Making A Customer Relations Management (CRM) System Work For You

Making A Customer Relations Management (CRM) System Work For You

If you’re not familiar with what CRM software does, it’s specifically designed to help facilitate and improve the communication and relationships between you and your clients. CRM software can do a wide variety of different tasks depending on which one you buy. Common uses for a CRM system include: account management, comprehensive analytics, data collection and extrapolation of future spending trends, and customer information. CRM systems function using the data that your customers give them, and from there the system can be used to guide future encounters and interactions with them.

CRM systems build off of the earlier computerized systems that were put into place back in the 1990s and early 2000s. These systems were primitive by modern standards, but they made it far easier to keep track of, and reference, each client that was a part of the business. All of a sudden, businesses could begin personalizing each interaction with their clients, regardless of how long they had been buying from the business. CRM systems are their modern successors, and the power they give business owners largely explains their growing popularity.

CRMs can be immensely useful if you know what you’re doing, but relying on them to do the heavy lifting for you is a mistake. If you want to impress your customers and give them an experience they won’t forget, you need to set yourself up for success with these programs. The following tips will help you make the most out of any CRM program you use.

1) Decide the manner of implementation before you buy

Investing in a quality CRM system can cost a significant sum of money. While it’s tempting to think that such an expense will easily pay for itself, you still need to know what exactly it is that you wish to accomplish if you want to get your money’s worth. Write out a plan and inform your team as to how you intend to execute that plan. If you want to increase client retention, start figuring out how you want to increase customer satisfaction. If you want new clients, find the features of the program that will help you reach your goal.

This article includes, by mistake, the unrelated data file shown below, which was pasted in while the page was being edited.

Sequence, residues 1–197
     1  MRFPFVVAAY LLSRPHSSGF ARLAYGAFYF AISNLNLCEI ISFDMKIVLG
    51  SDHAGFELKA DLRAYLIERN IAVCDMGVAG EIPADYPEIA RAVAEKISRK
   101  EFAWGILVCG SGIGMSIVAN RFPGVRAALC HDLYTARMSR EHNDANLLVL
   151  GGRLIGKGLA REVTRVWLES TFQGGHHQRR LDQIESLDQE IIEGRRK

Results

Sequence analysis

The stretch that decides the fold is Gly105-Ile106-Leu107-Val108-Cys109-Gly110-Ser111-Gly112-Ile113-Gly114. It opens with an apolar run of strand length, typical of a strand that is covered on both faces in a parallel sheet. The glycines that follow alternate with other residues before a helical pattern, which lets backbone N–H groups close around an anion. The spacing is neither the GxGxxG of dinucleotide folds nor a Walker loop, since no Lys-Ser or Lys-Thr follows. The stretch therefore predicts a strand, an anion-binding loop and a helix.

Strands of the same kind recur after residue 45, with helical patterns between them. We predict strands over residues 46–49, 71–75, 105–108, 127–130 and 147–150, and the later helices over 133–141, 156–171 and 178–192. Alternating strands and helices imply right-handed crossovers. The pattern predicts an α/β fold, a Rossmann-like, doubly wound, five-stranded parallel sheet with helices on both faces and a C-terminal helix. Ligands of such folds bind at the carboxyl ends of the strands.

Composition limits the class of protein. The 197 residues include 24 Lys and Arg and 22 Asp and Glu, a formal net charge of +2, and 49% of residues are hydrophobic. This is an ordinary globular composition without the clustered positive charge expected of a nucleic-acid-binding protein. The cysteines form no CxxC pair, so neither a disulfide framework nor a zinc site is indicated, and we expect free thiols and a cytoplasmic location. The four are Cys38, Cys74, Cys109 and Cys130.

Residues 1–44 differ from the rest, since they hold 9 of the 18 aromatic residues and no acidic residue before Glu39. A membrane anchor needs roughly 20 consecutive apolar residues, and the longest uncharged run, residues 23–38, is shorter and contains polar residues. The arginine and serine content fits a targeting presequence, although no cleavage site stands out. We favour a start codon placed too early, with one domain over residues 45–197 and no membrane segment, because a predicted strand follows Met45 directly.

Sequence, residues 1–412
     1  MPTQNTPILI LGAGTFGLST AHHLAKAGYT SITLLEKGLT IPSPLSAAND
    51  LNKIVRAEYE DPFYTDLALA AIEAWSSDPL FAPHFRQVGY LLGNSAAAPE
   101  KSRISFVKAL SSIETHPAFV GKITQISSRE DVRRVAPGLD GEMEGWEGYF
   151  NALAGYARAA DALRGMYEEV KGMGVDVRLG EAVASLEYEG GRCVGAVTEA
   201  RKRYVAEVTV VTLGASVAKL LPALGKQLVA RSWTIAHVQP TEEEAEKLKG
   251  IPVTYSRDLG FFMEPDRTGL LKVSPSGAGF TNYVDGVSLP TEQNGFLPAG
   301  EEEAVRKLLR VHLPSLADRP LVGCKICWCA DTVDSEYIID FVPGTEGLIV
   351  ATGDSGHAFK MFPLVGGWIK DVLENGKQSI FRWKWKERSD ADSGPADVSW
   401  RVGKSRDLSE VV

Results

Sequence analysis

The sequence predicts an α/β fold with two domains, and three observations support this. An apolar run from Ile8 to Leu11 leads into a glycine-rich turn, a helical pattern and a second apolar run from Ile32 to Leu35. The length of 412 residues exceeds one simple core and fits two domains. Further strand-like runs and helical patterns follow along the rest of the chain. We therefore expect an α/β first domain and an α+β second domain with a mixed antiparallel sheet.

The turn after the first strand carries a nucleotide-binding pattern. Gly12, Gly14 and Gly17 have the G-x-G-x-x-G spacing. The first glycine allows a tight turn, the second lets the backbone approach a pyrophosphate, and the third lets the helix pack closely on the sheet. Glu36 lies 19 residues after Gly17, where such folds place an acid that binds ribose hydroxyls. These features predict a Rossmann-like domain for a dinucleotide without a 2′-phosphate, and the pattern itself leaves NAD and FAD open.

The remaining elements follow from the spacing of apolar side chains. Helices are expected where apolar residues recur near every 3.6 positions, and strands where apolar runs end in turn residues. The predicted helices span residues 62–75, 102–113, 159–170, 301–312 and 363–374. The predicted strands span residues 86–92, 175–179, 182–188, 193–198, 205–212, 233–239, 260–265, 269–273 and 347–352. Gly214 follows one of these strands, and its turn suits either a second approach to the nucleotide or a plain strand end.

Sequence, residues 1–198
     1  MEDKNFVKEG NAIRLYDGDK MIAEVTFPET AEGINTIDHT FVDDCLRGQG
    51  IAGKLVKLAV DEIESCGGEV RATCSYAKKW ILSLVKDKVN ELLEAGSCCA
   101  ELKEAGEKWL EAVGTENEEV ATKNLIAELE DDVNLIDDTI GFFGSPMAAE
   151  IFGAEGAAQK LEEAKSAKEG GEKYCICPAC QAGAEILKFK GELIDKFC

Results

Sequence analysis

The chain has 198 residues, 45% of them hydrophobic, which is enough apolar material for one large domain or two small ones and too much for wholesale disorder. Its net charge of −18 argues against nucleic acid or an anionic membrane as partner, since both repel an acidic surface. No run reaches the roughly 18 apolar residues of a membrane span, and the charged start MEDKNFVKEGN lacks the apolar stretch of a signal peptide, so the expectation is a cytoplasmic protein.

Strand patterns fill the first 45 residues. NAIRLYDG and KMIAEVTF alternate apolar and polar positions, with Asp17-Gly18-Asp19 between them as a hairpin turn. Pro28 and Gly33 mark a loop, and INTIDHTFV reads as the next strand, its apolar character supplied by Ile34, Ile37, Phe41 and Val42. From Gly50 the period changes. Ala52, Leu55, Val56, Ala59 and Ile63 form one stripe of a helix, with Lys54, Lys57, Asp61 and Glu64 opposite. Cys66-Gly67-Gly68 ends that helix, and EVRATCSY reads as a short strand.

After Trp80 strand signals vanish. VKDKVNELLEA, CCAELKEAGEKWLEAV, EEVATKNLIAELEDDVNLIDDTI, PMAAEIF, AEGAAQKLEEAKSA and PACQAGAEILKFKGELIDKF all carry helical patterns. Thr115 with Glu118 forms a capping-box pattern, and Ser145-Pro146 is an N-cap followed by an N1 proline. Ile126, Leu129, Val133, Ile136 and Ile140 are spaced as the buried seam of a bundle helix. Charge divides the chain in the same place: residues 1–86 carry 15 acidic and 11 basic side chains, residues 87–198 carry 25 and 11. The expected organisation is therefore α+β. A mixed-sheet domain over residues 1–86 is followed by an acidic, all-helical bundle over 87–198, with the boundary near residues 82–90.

2) Train your employees well

This seems like a no-brainer, but I’m sure you’ve run into technical support staff who barely seem to know the program they’re ostensibly trained to help you with. It will take a bit of time and money to get your staff up to speed with your new CRM system, but the payoff will be well worth it. Clients who are being managed by a system your employees are ill-equipped to use will find out one way or another; don’t sour their goodwill by rushing implementation before it’s ready. This is especially true for management, since it will fall on them to make things right if an employee messes something up.

3) Pick a CRM system that works best for you

The core objective of any CRM is to improve and facilitate your relationships with your clients, but not all programs are created with the same customers in mind. Some programs contain features specifically geared towards a specific industry; CRM software designed for a bank will look different than one designed for a factory. This also means that you don’t want to automatically buy the most expensive piece of CRM software you find – the premium you pay for its use may not be of any value to you. You know your business’ needs best – investing in CRM software is a big adjustment, so you want to pick one that you know you’ll see the greatest benefit from.

Some CRM programs are actually free – and they work really well! Don’t be afraid to do your research before you commit.

About the author, Sheles Wallace

Sheles is an award-winning business coach who gets results for her clients.

For over 15 years, she has helped business owners achieve their goals and

take their businesses to the next level. If you're ready to take the next

step in your business evolution and go from an owner who wears all hats to

creating a commercial, profitable enterprise that runs without you, find out

more here: